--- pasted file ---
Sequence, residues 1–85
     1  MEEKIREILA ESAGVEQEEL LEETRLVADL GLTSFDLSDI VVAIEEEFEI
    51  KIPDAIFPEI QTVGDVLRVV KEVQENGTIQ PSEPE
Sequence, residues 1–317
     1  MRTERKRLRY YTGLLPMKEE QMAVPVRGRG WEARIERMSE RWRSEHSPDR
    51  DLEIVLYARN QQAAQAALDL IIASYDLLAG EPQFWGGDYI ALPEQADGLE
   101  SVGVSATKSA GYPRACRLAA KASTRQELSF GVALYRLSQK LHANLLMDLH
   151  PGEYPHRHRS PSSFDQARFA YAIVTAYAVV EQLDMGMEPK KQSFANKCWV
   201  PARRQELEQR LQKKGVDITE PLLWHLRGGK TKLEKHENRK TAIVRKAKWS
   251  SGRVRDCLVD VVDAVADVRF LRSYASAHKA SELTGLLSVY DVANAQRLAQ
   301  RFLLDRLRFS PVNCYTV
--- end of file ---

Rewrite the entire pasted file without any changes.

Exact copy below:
Sequence, residues 1–85
     1  MEEKIREILA ESAGVEQEEL LEETRLVADL GLTSFDLSDI VVAIEEEFEI
    51  KIPDAIFPEI QTVGDVLRVV KEVQENGTIQ PSEPE
Sequence, residues 1–317
     1  MRTERKRLRY YTGLLPMKEE QMAVPVRGRG WEARIERMSE RWRSEHSPDR
    51  DLEIVLYARN QQAAQAALDL IIASYDLLAG EPQFWGGDYI ALPEQADGLE
   101  SVGVSATKSA GYPRACRLAA KASTRQELSF GVALYRLSQK LHANLLMDLH
   151  PGEYPHRHRS PSSFDQARFA YAIVTAYAVV EQLDMGMEPK KQSFANKCWV
   201  PARRQELEQR LQKKGVDITE PLLWHLRGGK TKLEKHENRK TAIVRKAKWS
   251  SGRVRDCLVD VVDAVADVRF LRSYASAHKA SELTGLLSVY DVANAQRLAQ
   301  RFLLDRLRFS PVNCYTV